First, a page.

Leadership roles in outside activities
Dorthea Farris and Steve Burkholder
Glenwood Springs, CO Colorado
Being a local elected official can be an interesting adventure.
You don’t get to choose most issues you work on, community needs dictate that. You don’t get to choose when you work on most of those issues, circumstances force many of those timelines. And, perhaps most importantly, you don’t get to choose with whom you work, voters do that for you.
We’ve both experienced those challenges, one of us as a city council member and mayor and the other as a county commissioner and school board member. We’ve also served as the elected leaders of the Colorado Municipal League and Colorado Counties Inc., the umbrella organizations for county and municipal governments statewide.
Knowing the hard work and long hours demanded to represent constituents while at home and as representatives of the community to outside organizations and interests, we respect the dedication of local elected officials at all levels. That certainly includes all members of the Garfield County Board of Commissioners.
Your board is having an interesting discussion about how its three members should conduct themselves while fulfilling their leadership roles when their duties find them involved in outside activities. We don’t presume to tell Garfield County citizens or those they’ve elected how to resolve that dilemma. We can offer some observations about how we’ve seen other local governments rise to that challenge.
Participate in The Longevity Project
The Longevity Project is an annual campaign to help educate readers about what it takes to live a long, fulfilling life in our valley. This year Kevin shares his story of hope and celebration of life with his presentation Cracked, Not Broken as we explore the critical and relevant topic of mental health.
The question that arises time and time again is the one identified in Garfield County. When serving on outside boards, when testifying at the legislature or elsewhere, when participating in state and national discussions, should elected officials offer only an agreed upon opinion or should they be free to speak with their own individual voice?
One option is to offer only an opinion approved by the majority of the elected board. After all, isn’t that how decisions are made at a meeting of the City Council or the Board of County Commissioners? Most times, that’s not hard to do. While instances where council members or commissioners disagree often earn the headlines, the majority of issues are either technical in nature or present an obvious choice. More often than not those circumstances result in a unanimous decision.
But the fact remains that local officials have been selected by voters based upon their individual stands on issues important to their constituents, not as a slate of like-minded candidates. That intentionally creates a diverse board expected to occasionally differ but also expected to figure out how to work well together with the best interests of the entire community at heart.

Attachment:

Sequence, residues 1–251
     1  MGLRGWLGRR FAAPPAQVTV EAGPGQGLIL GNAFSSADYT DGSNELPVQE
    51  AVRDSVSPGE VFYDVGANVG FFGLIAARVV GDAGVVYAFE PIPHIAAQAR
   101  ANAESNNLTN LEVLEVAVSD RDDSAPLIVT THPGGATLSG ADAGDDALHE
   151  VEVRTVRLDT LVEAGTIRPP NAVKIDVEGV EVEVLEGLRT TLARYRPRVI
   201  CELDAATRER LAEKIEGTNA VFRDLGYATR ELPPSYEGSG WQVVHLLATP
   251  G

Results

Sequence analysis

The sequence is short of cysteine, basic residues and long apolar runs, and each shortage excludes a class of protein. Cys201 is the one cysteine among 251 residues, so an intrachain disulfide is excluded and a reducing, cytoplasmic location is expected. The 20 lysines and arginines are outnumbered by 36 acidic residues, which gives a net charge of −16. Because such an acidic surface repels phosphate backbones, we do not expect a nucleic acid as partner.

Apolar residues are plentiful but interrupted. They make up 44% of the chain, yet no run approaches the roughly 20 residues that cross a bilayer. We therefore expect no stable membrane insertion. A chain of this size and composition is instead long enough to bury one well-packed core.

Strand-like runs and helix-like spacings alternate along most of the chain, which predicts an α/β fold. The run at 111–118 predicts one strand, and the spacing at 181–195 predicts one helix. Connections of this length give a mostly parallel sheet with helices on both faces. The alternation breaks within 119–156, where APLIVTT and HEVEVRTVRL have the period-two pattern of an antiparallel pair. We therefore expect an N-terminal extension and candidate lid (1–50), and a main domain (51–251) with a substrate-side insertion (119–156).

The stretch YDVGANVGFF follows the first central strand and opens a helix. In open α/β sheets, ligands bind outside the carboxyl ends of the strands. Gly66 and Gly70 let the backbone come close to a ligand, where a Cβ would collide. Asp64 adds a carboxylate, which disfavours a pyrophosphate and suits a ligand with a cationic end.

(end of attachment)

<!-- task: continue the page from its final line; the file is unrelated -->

It’s been our experience that most elected boards, whether on the Front Range or on the Western Slope, find a way to create the level of trust it takes to allow their members to fulfill their broad community responsibilities while remaining true to their individual conscience. This is the essence of representative government and how good public policies are created.
There are practical as well as philosophical reasons for allowing this flexibility. A major consideration is that many of those outside boards and commissions a local elected official may be called to serve on meet infrequently. Opportunities to offer opinions in other settings can come up quickly or unexpectedly. In either case, delays caused by the necessity of polling other members of a council of board of commissioners would significantly hamper the ability to respond to outside duties and opportunities.
The solution often involves a policy, written or unspoken, that says individual elected officials should always let it be known whether they are speaking for their entire board or as one member of that board offering his or her own opinion. The concurrent expectation is that they should keep their fellow local board members informed about their activities and decisions when their official roles find them representing their community in other than their own internal meetings.
This could be a model for a common sense solution that will resolve the current discussion among members of the Garfield County Board of Commissioners and the community at large.
Dorothea Farris is former Pitkin County Commissioner and past president of Colorado Counties Inc.
Steve Burkholder is the former mayor of Lakewood and past president of the Colorado Municipal League
Support Local Journalism
Support Local Journalism
Readers around Glenwood Springs and Garfield County make the Post Independent’s work possible. Your financial contribution supports our efforts to deliver quality, locally relevant journalism.
Now more than ever, your support is critical to help us keep our community informed about the evolving coronavirus pandemic and the impact it is having locally. Every contribution, however large or small, will make a difference.
Each donation will be used exclusively for the development and creation of increased news coverage.
Start a dialogue, stay on topic and be civil.
If you don't follow the rules, your comment may be deleted.
User Legend: Moderator Trusted User
The Pleistocene epoch that began 2.6 million years ago sent ice in waves through Yosemite.